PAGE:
In the wiring regions 10B, the plurality of lead wirings 14 is provided so as to each correspond to any one of the plurality of conduction terminals 14 t. The lead wirings 14 are extended in the Y-axis direction along the periphery of the display region 10A so that the ends of the lead wirings serve as the conduction terminals 14 t. The lead wirings 14 and the conduction terminals 14 t are formed by, for example, the same step as that of the data lines 13 using the same material. The lead wirings 14 and the data line 13 are led to a terminal portion (not shown) of the first substrate 10 and are electrically connected to external terminals formed in the terminal portion.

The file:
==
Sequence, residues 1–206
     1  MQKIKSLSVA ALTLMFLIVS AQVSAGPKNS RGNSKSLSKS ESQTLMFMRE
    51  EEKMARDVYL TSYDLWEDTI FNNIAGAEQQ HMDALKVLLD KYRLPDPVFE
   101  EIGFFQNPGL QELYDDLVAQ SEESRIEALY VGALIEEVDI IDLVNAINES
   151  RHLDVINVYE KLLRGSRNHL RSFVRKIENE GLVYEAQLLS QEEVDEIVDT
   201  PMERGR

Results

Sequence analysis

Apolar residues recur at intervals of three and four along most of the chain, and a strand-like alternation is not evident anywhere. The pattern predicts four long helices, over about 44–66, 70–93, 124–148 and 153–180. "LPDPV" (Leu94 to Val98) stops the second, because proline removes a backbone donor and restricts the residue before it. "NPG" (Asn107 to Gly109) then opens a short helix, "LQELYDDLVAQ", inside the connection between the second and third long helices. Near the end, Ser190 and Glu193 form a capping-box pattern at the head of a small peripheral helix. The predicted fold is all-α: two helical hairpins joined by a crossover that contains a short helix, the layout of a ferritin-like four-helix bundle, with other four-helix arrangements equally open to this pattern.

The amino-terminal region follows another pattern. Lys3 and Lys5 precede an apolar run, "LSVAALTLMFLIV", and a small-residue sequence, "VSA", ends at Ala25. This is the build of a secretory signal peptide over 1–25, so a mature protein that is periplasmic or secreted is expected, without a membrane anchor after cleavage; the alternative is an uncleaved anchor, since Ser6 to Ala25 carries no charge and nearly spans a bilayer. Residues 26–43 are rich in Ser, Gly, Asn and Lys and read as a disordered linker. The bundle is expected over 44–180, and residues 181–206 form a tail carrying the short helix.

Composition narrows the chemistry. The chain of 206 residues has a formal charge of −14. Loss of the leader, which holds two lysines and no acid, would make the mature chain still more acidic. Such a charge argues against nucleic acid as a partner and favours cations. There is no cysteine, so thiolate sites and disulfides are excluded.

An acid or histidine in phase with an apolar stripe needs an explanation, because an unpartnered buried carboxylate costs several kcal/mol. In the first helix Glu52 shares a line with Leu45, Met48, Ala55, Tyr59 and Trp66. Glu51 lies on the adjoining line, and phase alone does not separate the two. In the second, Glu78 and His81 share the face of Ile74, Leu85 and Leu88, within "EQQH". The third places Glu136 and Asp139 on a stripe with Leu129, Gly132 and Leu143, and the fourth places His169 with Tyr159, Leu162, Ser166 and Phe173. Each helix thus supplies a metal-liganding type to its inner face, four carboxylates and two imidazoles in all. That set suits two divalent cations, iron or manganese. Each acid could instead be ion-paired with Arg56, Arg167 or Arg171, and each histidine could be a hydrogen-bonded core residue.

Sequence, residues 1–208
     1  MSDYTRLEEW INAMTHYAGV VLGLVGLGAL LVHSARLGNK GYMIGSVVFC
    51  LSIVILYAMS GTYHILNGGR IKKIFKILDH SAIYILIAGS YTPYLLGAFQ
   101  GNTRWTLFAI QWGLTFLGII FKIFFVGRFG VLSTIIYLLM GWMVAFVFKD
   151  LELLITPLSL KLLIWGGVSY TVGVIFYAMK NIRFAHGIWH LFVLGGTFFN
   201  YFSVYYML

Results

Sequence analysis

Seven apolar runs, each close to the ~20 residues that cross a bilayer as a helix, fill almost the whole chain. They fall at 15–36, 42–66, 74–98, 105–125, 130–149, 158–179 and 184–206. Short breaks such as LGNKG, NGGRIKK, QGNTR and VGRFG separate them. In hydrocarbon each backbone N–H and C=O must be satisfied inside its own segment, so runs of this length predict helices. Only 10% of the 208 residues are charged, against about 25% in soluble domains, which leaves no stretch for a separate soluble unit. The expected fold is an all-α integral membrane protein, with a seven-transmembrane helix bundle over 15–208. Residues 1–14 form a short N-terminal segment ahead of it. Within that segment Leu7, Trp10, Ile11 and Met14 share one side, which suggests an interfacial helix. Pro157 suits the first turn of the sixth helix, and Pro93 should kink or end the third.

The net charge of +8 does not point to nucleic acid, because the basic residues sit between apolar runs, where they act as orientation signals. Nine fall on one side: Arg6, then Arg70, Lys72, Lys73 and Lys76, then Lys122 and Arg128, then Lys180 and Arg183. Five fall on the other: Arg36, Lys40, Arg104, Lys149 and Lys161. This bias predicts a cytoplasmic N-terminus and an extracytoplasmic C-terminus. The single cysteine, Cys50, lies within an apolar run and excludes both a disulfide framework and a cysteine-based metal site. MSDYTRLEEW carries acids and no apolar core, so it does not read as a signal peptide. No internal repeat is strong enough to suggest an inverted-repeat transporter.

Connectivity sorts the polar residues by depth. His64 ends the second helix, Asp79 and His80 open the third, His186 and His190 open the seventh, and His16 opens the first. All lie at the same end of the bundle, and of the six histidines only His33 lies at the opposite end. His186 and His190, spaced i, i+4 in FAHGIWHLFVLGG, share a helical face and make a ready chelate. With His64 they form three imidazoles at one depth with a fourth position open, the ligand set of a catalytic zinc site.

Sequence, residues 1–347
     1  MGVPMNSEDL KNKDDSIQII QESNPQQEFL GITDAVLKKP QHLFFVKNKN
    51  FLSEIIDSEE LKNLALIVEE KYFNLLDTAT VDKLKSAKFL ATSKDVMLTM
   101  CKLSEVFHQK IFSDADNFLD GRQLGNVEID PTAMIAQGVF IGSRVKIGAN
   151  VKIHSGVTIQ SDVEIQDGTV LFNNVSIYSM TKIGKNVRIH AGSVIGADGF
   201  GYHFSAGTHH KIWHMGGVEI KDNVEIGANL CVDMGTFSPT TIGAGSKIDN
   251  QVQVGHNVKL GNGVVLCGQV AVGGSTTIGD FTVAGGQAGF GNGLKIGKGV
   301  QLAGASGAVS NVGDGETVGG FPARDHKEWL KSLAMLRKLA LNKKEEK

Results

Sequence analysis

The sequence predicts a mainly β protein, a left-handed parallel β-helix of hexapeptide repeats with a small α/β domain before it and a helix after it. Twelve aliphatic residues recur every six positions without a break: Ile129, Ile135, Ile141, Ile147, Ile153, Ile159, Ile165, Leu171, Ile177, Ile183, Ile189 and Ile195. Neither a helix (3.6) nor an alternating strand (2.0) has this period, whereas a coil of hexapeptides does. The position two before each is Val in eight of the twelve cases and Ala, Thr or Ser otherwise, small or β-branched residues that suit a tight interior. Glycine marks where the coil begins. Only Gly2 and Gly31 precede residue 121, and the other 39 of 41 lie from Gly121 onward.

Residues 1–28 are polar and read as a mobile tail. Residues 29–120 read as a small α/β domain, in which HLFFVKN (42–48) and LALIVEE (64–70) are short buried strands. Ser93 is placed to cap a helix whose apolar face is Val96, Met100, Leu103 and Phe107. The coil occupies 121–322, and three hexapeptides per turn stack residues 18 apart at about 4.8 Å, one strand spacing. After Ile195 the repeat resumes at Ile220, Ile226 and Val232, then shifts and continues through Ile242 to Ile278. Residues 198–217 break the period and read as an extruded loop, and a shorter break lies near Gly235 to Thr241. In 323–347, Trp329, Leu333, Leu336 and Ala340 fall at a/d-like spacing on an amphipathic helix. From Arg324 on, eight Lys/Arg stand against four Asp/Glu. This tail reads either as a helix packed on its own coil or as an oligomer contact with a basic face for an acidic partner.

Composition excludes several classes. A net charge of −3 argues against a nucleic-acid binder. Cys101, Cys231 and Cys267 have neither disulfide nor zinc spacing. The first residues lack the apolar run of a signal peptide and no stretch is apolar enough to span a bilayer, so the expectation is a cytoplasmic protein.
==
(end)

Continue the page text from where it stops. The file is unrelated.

Further, a color filter 22 is provided on the electro-optic layer side of the second substrate 20. The color filter 22 includes a plurality of color layers 22R, 22G, and 22B having different colors. The color layers 22R, 22G, and 22B are formed in stripes extending in the Y-axis direction so as to be arranged in the order of red (R), green (G), and blue (B) in the X-axis direction. The color layer of one of the primary colors (R, G, B) is disposed in each sub-pixel so that the three sub-pixels form one pixel including the three color layers 22R, 22G, and 22B. Further, the counter electrode 21 is provided on the electro-optic layer side of the color filter 22. The counter electrode 21 is provided to cover the entire surface of the display region 10A so as to serve as a common electrode common to the pixel electrodes 11.